Sometime More Is More And Less…

Adding intelligence to systems lowers power usage while making the impractical practical.


Anyone who has been reading this blog has already figured out that as an ex-system designer, I am a fan of intelligent IP subsystems, and in a couple of my previous posts I already talked about how they make design easier by distributing the overall complexity.

The other day however, I found myself trying to describe to a non-semiconductor person why this move is good and what benefits it delivers to end users, rather than system designers. It took me a while to come up with a good example, but I believe the one I used demonstrates well what is possible as the subsystems become intelligent — and how even though we are adding additional logic to the design it can significantly reduce overall power while simultaneously adding capabilities previously deemed impractical.

Its an example I thought would be good to share here.

OK Google…
Voice control is becoming a major driver in consumer electronics with Google Glass prototypes popping up everywhere (or so it seems in downtown Mountain View), the new Nexus 5 launch last week, and this week’s launch of the Xbox One (the PS4 had voice control disabled at launch so I will not consider it).

The thing these examples have in common is a reliance “key phrase” recognition to trigger voice control behavior — “OK Google” for the Glass and Nexus, and “Xbox” for the Xbox One. This is very different from previous voice control schemes such as Apple’s Siri, which relies on pressing a physical button to trigger recognition.

Using a monolithic system design to do key phrase recognition means running a large part of the system at all times, listening to the audio, and then deciding what to do. Even though you can run the processor in a lower power state, it is still very demanding on the battery. And while it works for a stationary device such as the Xbox, it is not practical for portable electronics as it quickly reduces the battery life. This is the reason for requiring the button press to activate Siri on the Apple devices.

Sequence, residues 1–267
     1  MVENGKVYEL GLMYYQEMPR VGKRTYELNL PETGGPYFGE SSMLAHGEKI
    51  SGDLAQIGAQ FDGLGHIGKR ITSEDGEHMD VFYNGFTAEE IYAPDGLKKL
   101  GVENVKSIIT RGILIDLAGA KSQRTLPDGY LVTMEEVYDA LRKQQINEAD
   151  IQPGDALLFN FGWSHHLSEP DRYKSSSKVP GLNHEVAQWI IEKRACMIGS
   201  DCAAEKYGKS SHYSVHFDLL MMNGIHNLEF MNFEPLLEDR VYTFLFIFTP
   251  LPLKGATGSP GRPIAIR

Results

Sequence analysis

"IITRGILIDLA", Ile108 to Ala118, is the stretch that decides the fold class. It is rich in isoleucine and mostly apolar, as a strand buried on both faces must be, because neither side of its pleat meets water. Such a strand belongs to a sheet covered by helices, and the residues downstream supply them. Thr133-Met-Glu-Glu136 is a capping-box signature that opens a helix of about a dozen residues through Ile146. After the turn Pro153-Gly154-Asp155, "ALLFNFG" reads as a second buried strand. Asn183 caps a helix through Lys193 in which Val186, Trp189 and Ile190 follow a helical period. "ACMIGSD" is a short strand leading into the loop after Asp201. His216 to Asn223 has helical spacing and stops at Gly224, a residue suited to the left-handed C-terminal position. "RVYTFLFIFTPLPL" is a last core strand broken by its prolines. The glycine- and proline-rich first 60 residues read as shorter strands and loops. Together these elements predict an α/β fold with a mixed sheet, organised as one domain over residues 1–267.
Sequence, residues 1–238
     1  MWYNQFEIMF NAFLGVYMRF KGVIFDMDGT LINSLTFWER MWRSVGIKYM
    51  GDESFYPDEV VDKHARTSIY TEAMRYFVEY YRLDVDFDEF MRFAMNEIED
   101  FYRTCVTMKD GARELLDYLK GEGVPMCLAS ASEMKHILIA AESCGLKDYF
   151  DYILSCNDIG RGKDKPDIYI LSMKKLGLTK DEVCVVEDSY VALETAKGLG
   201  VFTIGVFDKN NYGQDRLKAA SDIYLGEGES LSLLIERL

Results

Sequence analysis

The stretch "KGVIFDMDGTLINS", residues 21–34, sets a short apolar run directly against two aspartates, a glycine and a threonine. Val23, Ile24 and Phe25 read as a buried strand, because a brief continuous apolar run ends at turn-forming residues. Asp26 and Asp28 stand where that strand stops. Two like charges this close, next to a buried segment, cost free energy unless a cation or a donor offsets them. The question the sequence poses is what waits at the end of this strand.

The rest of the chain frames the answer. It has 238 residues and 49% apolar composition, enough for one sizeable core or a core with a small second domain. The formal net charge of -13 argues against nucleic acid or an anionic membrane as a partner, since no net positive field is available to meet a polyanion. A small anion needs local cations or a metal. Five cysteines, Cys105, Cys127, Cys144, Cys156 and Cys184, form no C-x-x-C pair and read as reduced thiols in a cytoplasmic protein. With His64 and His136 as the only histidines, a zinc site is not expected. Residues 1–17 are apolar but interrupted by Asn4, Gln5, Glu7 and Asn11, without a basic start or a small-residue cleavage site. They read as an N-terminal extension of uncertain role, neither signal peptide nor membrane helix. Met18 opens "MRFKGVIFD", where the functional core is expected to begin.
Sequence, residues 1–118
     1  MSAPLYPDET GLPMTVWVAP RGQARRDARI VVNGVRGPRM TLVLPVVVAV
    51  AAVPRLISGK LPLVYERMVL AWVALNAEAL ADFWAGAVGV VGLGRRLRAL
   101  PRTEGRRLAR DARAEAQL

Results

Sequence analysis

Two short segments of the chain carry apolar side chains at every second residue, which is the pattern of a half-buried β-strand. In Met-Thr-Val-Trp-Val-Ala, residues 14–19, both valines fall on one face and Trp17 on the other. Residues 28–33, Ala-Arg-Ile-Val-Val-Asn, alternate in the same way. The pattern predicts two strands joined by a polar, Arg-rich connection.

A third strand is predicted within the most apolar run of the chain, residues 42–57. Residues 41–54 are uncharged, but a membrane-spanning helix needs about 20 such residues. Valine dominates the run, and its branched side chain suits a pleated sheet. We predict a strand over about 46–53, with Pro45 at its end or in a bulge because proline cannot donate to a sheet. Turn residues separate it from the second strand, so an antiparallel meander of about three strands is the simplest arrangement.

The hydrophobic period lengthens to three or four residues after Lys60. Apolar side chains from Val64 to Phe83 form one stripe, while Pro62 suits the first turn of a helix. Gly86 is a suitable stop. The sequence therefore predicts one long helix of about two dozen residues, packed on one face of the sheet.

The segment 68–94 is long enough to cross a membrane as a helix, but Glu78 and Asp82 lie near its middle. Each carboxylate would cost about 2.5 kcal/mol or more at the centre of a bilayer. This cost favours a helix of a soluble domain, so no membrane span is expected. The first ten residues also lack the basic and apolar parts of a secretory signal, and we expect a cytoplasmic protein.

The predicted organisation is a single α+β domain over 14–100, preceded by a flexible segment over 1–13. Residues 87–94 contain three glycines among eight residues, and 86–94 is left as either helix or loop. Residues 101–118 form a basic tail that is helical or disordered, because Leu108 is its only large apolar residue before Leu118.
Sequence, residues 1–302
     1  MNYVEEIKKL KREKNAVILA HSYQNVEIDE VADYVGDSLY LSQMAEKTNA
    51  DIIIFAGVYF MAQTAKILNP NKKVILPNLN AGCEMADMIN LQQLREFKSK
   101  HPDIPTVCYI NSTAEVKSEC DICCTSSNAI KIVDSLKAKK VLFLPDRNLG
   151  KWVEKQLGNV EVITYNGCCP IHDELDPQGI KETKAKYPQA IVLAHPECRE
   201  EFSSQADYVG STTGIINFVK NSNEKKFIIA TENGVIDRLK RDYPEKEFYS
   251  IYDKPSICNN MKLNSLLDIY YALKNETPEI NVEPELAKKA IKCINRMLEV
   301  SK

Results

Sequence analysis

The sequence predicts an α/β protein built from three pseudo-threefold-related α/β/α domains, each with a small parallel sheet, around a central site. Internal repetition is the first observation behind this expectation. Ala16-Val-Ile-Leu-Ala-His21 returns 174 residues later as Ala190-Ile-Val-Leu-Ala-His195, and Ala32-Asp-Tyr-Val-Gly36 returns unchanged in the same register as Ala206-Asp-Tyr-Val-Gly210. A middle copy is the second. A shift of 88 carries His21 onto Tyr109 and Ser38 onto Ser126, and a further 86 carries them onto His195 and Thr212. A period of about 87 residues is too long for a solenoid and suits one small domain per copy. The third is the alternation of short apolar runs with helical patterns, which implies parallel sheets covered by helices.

A more practical solution is to add tiered intelligence into the system, with each tier having just enough computing power to do its job independently from the rest of the system, and then wake up others as needed.

OK Google

The picture above shows how key phrase recognition could be implemented in a tiered subsystem approach.

The first subsystem consists of a really limited voice detection capability that only understands the key phrase. Ideally, this will be using a small embedded processor with some dedicated DSP instructions to improve computational efficiency. It runs at all times, but the rest of the system can sleep without impacting the ability to recognize voice commands.

Once the key phrase is detected, the second subsystem is quickly woken up and performs the more advanced voice recognition (again using a specialized CPU/DSP embedded processor). This recognition is done while the rest of the system sleeps, and only once the context of the voice command is known are the necessary system components woken up.

The overall result is that the system can be voice-commanded at all times, with very little impact on the overall power consumption. You can have less power, with more capabilities that would have previously required an unacceptable tradeoff.

This is by no means the only example I could use. Apple did something similar from a system design perspective with the new iPhone 5s, but it used a two-chip solution. To improve battery life while allowing better GPS and motion tracking, it moved intelligence into the M7 chip, which now does all the ongoing tracking, waking up the A7 only when needed. If I were to upgrade, hopefully it would mean I could go for a run or bike ride without completely killing my battery.